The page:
We're already halfway through the BCS conferences on our SDPI-guided journey through the 2011 college football season. We'll turn the corner after this week's edition where we examine the Big 12. To see last year's post on the Big 12, click here.
This first paragraph will explain how SDPI is calculated. So if you want the meat of this article skip on down. In the 2011 Big 12 regular season, conference play only, the average Big 12 team gained and allowed 4008.3 yards. The standard deviation for yards gained (offense) was 808.47 yards. The standard deviation for yards allowed (defense) was 518.18 yards. Iowa State gained 3572 yards and allowed 4095 yards. Their offensive SDPI was -0.54 = [(3572-4008.3)/808.47]. Their defensive SDPI was -0.17 = [(4008.3-4095)/518.18]. Their total SDPI was -0.71. This number ranked 7th in the Big 12.
Here are the 2011 Big 12 standings.Now here are the 2011 Big 12 SDPI standings. The standings are sorted by total SDPI with ranking for each category (out of 10 teams) in parentheses.The 2011 season marked the first season of Big 12 play sans divisions as Colorado and Nebraska departed for the Pac-12 and Big 10 respectively. 2011 also marked the first time since 2003 that a team other than Oklahoma or Texas won the Big 12 title. The conference title was Oklahoma State's first since 1976, and their first outright conference title since 1948 when they were in the Missouri Valley! Elsewhere in the standings, Kansas became the first Big 12 team to go winless in the conference since Iowa State in 2008.
So Who Was Better Than Their Record Showed?
Despite very solid peripherals (top-four on both sides of the ball), Texas A&M endured a losing season in the conference and got their coach fired. The Aggies were 1-4 in one-score games in the conference, with their lone non-competitive loss coming at Oklahoma. Perhaps most disheartening for the Aggies was that they had double-digit leads in each of those close conference losses. They led Oklahoma State by 17 points at halftime, Missouri by 14 in the second quarter, Kansas State by 14 in the second quarter, and Texas by 13 in the second quarter. The Aggies should see their luck change a little in 2012, but unfortunately for them, they will be plying their trade in the take-no-prisoners SEC West. Good luck with that.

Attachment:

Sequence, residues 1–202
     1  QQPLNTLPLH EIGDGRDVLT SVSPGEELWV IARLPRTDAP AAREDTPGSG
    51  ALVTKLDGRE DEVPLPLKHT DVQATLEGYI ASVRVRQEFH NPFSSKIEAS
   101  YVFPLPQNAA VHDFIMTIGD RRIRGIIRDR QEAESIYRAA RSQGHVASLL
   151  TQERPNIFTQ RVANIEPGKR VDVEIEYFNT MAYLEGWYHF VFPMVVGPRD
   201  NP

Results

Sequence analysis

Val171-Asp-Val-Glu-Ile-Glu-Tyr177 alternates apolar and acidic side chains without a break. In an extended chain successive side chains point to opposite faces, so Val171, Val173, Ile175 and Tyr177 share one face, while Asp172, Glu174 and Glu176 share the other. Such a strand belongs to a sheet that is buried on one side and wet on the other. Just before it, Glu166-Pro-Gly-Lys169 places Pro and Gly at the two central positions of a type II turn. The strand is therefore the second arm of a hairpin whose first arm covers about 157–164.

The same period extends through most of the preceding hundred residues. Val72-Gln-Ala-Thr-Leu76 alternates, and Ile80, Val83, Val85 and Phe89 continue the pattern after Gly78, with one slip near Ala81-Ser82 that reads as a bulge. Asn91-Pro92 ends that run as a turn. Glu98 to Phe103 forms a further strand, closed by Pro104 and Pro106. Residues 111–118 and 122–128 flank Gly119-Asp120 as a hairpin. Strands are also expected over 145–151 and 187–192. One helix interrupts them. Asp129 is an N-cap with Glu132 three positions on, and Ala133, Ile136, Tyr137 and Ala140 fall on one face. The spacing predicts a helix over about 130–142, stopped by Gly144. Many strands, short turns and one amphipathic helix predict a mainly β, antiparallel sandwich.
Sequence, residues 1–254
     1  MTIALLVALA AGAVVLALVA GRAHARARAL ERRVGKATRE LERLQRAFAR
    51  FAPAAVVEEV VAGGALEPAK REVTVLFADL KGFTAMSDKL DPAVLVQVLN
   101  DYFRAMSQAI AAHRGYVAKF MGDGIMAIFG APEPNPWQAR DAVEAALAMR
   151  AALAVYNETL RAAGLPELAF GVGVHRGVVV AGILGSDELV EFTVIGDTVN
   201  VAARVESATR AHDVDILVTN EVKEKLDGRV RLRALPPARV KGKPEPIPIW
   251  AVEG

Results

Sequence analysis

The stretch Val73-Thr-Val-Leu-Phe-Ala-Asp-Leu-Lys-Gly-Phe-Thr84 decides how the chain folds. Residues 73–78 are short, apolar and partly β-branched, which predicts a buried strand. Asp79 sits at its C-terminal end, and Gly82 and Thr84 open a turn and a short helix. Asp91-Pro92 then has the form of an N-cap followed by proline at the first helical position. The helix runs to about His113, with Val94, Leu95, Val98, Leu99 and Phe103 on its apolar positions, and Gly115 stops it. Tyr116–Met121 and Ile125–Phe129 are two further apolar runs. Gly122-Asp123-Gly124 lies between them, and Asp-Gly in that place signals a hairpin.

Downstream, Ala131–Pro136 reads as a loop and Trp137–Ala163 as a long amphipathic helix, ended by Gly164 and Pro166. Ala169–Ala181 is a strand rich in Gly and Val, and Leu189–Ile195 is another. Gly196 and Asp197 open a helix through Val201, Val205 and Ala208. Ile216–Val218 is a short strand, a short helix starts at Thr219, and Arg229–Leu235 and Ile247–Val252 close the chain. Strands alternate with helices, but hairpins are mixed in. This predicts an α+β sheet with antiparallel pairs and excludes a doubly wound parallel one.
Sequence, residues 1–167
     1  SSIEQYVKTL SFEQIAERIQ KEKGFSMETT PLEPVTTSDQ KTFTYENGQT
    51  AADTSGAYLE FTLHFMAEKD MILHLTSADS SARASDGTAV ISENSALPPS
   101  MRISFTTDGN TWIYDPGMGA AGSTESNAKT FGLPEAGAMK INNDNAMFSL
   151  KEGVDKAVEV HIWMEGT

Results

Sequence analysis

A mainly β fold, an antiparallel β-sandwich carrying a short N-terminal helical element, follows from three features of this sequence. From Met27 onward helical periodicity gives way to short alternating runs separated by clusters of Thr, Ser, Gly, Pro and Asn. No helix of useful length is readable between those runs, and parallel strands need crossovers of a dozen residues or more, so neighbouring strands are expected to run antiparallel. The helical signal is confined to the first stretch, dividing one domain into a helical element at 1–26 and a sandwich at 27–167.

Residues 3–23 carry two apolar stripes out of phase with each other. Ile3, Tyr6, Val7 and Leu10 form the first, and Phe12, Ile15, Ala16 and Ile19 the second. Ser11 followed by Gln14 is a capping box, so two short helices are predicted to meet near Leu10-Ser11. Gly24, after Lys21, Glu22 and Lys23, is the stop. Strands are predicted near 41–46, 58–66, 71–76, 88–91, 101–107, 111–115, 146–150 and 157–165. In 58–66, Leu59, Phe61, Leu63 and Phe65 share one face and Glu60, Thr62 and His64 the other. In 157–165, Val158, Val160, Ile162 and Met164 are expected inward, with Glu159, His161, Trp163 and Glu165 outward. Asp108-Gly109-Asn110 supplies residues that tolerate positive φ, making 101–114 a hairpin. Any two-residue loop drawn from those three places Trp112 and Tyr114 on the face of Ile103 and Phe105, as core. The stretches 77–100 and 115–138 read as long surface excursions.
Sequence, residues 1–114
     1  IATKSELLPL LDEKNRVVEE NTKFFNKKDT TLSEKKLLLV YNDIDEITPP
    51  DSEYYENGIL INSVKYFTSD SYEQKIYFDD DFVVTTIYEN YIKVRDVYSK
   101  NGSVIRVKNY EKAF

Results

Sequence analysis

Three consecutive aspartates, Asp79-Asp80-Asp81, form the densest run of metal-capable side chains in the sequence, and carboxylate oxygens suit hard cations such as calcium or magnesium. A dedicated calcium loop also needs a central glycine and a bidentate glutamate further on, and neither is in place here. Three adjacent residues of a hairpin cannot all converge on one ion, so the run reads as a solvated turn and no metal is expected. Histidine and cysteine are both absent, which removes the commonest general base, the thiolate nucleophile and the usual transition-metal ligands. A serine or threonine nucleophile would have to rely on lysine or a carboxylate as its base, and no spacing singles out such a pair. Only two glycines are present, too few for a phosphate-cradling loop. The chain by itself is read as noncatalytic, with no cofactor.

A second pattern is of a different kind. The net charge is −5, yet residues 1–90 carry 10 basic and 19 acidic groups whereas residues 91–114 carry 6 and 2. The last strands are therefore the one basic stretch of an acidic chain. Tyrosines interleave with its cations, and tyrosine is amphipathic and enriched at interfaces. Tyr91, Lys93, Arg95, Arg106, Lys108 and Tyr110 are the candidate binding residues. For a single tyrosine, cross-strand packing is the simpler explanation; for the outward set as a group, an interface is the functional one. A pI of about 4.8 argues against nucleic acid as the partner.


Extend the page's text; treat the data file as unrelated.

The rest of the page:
So Who Was Worse Than Their Record Showed?
Kansas State had their best conference finish since winning the Big 12 in 2003. However, six of their seven wins came by seven points or fewer. In fact, despite winning nine of their seven conference games, the Wildcats outscored their league opponents by just nine total points. Not only did they have exceptional luck in close games, the Wildcats also finished with a +13 turnover margin in league play (second best). The Wildcats are a unanimous choice by statistical indicators to regress in 2012.
Best Offense: Baylor 1.32
Led by a Heisman-winning quarterback who looked a little like Terence Trent D'Arby, the Bears ran roughshod over Big 12 defenses. They gained over 600 yards in five of their nine league games and were never held below 429 yards. With Robert Griffin and Kendall Wright both heading to the NFL, the Bears better find a wishing well if they want to recreate their success in 2012.
Worst Offense: Kansas -1.77
How do you say something nice about something this terrible? Here goes: In their final four conference games, the Jayhawks allowed over 500 yards just once after allowing that many four times in their first five games.
Best Defense: Texas 1.93
The Texas defense is a shade overrated thanks to their performance against Kansas when they allowed just 46 yards to the Jayhawks! Take away that awesome showing and credit the Jayhawks with an average performance and Texas still boasts the best defense in the conference, albeit one that is not otherworldly.
Worst Defense: Baylor -1.22
The Bears needed each and every yard and point their magnificent offense gained thanks to a defense that was in hibernation.
As most college football observers know, the Big 12 will have lost two (more) league members when the football season begins in the fall. Missouri and Texas A&M are on their way to the SEC. In their place, the league has added a mid-major power in TCU and the dominant Big East program of the last half-decade in West Virgina. How do these two newcomers compare to the two programs that headed east? To find out, I looked at the SRS ratings of the four schools for the past five seasons (2007-2011). The SRS rating is a quick and dirty rating system utilized by college football reference dot com. It estimates how many points a team is better than average. The table below lists the four teams and their respective SRS ratings from 2007-2011 with their SRS national rankings in parentheses and a weighted average national ranking (with most recent seasons counting more heavily). As you can see, based on weighted national ranking, the Big 12 appears to be getting a minor upgrade. However, based on the way Texas A&M is trending and the relative stagnation of the West Virginia program, I would call the new additions a wash.